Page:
Iran Starts Two-Day Navy Drill Involving ‘Largest’ Domestic-Made Helicopter Carrier


by Tim Korso

The Iranian military routinely holds several annual exercises to maintain readiness for possible attacks by foreign powers. Over the past few years, the country was twice on the verge of a military conflict with the US, but both times avoided engaging in war.

The Iranian Navy has launched two-day drills called Eghtedar-99 in the Gulf of Oman. The Eghtedar (Power) wargames are held on an annual basis, with this year’s drill distinguished by the presence of a new domestically-produced heliopter carrier Makran, which the Iranian media called the “largest” warship in the Islamic Republic’s fleet.

#Iran‘s largest navy vessel – a helicopter carrier – and a ship capable of firing missiles have officially joined the country’s fleets as the army holds another military drill, this time in Makran and the Sea of Oman.

Everything is reportedly made locally.

— Maziar Motamedi (@MotamediMaziar) January 13, 2021

Apart from being a floating launchpad for seven military helicopters, Makran can also serve as a supply vessel, capable of carrying up to 100,000 tonnes of fuel and freshwater. The newly made warship can operate without entering a port for resupply for up to 1,000 days, according to the Iranian military.

The Eghtedar-99 drills will also feature the corvette Zereh. The ship will conduct missile launch exercises in the Gulf of Oman.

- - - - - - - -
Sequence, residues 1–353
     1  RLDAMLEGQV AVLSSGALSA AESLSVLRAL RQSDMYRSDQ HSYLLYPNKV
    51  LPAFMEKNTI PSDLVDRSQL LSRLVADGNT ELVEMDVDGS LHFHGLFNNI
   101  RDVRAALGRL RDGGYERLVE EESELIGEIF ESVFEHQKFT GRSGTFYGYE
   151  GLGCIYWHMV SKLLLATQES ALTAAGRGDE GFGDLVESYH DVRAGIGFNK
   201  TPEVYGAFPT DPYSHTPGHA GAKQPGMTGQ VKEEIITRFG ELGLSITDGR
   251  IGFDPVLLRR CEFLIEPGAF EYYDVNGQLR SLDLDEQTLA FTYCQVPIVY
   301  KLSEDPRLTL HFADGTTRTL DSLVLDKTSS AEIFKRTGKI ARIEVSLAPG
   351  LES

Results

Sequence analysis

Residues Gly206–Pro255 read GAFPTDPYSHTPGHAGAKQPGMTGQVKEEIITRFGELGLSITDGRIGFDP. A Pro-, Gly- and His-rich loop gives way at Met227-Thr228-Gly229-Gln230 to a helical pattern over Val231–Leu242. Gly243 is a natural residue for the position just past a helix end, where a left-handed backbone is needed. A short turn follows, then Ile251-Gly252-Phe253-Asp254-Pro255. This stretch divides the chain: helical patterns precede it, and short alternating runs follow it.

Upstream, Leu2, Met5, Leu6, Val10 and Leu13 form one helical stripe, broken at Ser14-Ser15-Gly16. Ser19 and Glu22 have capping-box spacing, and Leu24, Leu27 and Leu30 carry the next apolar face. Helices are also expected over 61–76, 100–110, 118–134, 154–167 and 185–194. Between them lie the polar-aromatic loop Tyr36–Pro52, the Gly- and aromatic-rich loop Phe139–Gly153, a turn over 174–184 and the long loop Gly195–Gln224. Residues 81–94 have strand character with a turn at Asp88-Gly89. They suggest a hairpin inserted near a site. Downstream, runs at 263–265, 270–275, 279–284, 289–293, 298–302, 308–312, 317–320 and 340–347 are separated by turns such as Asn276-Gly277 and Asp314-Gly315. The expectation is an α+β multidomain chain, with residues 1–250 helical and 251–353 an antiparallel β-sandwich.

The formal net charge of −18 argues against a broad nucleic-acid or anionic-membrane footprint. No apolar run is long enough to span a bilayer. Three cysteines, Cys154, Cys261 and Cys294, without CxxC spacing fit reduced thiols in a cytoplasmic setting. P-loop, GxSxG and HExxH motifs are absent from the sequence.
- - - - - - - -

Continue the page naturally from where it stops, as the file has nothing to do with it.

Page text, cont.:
Makran Forward Base Ship, a tanker turned vessel officially joins #Iran’s Navy. She has been sailing in the vicinity of the Strait of Hormuz in the #PersianGulf.This can give #Iranian predator drones and choppers more leeway and maneuvering power.

— Habib Abdolhossein (@HAbdolhossein) January 13, 2021

Iran has been gradually advancing its domestic defence industry in light of spending years under international sanctions that prevented the country from importing weapons. Despite the ban being lifted in 2020 by almost everyone except the US, who opposed the move, Tehran intends to continue developing its domestic industry, including in terms of naval weaponry.

Naval exercises remain one of the Iranian military’s priorities because US warships, despite protestations from Tehran, routinely visit the Gulf of Oman and Persian Gulf. The Islamic Republic insists that the deployment of American military vessels only adds to regional tensions and instability, and does not make the gulf more secure, as Washington claims.



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